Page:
No occupational realm is risk-free. Even employment environments that seem to be completely safe work spheres can pose health and injury challenges for workers.
Still, most readers might readily agree that some job categories come with safety challenges that simply lack in other work fields.
A national article highlighting America’s most dangerous work sectors prominently notes that. It stresses that “missing a deadline or getting yelled at by your boss” makes for a bad day in some work venues. Conversely, “it means a serious injury or worse” at others.
That overview of job risks and resulting worker injuries spotlights data supplied by the federal Bureau of Labor Statistics revealing what are reportedly the most dangerous jobs in the United States.
Many people are likely unsurprised to hear that maritime pursuits, farming, logging, iron/steel work and jobs in the transportation industry prominently dot the dangerous-jobs list.
So too does construction work, which poses routine and significant safety challenges for workers across Missouri, Illinois and the rest of the country.
Why is the construction realm a higher-risk work environment?
An informative legal overview of the construction industry and its safety challenges posed for workers underscores “the seriousness of construction injuries.” That reality owes to many and diverse factors, including these:
- Comparatively tough physical demands placed on many workers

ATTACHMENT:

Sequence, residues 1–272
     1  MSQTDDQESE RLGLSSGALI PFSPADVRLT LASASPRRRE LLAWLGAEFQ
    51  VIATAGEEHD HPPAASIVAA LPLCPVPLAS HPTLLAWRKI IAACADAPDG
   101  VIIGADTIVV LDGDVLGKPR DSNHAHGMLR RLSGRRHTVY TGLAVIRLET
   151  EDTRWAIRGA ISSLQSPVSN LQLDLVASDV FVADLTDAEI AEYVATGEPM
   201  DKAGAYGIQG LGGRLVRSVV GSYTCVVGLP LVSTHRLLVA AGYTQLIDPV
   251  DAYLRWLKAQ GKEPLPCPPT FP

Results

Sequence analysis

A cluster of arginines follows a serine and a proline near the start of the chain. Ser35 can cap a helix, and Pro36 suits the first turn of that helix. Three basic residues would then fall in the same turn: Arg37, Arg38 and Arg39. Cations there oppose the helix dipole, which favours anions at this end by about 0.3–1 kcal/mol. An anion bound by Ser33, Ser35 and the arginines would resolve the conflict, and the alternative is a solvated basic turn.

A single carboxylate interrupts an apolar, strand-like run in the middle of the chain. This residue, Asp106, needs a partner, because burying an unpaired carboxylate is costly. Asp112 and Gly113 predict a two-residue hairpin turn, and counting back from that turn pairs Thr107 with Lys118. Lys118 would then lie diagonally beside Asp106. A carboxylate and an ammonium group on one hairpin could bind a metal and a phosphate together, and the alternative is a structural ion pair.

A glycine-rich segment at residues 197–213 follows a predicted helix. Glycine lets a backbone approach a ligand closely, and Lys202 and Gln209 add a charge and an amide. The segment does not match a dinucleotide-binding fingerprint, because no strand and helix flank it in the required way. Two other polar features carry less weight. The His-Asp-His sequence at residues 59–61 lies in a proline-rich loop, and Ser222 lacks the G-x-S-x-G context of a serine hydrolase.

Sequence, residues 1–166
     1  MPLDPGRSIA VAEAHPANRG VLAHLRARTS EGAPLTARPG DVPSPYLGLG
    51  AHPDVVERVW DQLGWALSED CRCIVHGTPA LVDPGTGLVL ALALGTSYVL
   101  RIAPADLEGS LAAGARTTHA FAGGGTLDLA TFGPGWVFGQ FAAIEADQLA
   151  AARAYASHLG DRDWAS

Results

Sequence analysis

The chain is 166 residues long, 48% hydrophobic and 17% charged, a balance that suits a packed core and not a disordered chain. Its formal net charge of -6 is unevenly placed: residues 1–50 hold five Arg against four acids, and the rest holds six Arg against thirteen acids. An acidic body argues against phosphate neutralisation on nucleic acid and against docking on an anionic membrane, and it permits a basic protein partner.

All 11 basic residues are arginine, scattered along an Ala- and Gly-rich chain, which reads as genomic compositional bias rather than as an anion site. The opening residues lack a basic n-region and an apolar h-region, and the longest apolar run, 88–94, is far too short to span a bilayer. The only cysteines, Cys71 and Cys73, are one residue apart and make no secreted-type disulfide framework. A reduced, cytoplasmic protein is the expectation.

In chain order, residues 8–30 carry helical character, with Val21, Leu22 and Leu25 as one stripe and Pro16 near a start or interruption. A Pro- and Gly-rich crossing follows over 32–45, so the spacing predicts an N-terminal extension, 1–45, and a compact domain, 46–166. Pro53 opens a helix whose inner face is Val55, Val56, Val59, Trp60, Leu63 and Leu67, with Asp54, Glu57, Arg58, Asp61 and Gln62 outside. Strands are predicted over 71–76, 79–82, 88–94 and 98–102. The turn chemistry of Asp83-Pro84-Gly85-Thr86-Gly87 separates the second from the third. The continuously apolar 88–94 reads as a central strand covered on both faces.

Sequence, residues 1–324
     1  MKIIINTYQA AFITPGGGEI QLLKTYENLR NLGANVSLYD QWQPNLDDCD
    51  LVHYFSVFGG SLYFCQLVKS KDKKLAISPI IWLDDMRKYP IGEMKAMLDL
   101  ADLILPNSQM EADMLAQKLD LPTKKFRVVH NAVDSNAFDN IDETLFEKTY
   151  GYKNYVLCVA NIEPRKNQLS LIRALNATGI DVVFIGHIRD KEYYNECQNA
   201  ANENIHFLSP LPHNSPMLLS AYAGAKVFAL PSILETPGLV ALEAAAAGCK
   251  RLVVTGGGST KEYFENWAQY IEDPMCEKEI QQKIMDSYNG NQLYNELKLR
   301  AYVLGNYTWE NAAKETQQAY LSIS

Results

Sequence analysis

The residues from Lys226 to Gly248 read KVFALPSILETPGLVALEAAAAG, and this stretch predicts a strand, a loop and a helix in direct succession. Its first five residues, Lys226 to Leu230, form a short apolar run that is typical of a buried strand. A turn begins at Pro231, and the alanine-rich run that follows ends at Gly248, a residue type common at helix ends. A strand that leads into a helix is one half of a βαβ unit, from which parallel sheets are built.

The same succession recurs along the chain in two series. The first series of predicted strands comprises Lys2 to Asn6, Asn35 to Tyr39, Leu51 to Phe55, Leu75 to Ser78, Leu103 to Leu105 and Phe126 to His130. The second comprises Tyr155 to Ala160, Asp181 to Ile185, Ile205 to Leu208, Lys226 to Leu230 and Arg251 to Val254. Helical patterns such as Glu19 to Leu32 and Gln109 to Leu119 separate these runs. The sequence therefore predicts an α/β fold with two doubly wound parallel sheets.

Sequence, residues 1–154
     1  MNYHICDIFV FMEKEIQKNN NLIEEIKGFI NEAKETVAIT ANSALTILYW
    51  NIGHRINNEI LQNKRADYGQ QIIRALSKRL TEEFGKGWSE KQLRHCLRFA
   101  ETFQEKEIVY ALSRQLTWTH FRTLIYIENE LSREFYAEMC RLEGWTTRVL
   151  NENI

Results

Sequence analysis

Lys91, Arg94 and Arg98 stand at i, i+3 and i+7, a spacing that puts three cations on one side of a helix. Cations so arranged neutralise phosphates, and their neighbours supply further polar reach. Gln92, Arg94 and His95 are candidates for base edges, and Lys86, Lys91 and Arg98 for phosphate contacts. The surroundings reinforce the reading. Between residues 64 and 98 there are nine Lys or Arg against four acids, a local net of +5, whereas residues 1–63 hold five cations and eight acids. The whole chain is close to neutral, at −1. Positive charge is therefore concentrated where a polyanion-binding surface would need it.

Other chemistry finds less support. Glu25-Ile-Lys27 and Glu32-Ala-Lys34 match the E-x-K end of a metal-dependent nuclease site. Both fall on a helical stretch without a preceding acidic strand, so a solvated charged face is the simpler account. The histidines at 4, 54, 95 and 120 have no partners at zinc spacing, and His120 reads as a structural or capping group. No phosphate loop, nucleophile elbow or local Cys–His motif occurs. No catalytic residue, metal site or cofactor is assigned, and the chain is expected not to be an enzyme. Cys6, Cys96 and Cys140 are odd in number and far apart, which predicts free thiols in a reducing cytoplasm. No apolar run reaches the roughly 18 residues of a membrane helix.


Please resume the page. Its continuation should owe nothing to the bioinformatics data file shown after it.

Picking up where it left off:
- Tasks that are heavily labor-intensive and often require sustained focus
- Work venues featuring heavy, complex and moving equipment/machinery
- Exposure to harsh weather ranging from frigid temperatures to extreme heat
- Time schedules that are often tight and inflexible
Construction employees face notably varied job risks. High numbers of workers suffer injuries – too often catastrophic and even deadly – from falls and while being inadequately protected when working from heights. Respiratory safeguards against toxic fumes, gases and chemicals often lack. Training and employer oversight concerning hazard communication, control over powered industrial vehicles and machines is often substandard or even absent.
What can a worker do in the wake of a job-related injury?
“Following a construction accident,” duly notes the above-cited overview, “you need someone on your side.”
Candidly, that is not your employer, And it is certainly not an insurance company, which garners profit from denying or delaying claims, not from not paying out on them in workers’ compensation matters.
A worker injured in an on-the-job context has strong legal rights and an entitlement that assures sufficient financial assistance during a recovery period (and sometimes permanently in the case of a notably debilitating injury).
An empathetic workers’ compensation attorney with a proven history of advocacy on behalf of injured Missouri and Illinois employees can provide further information.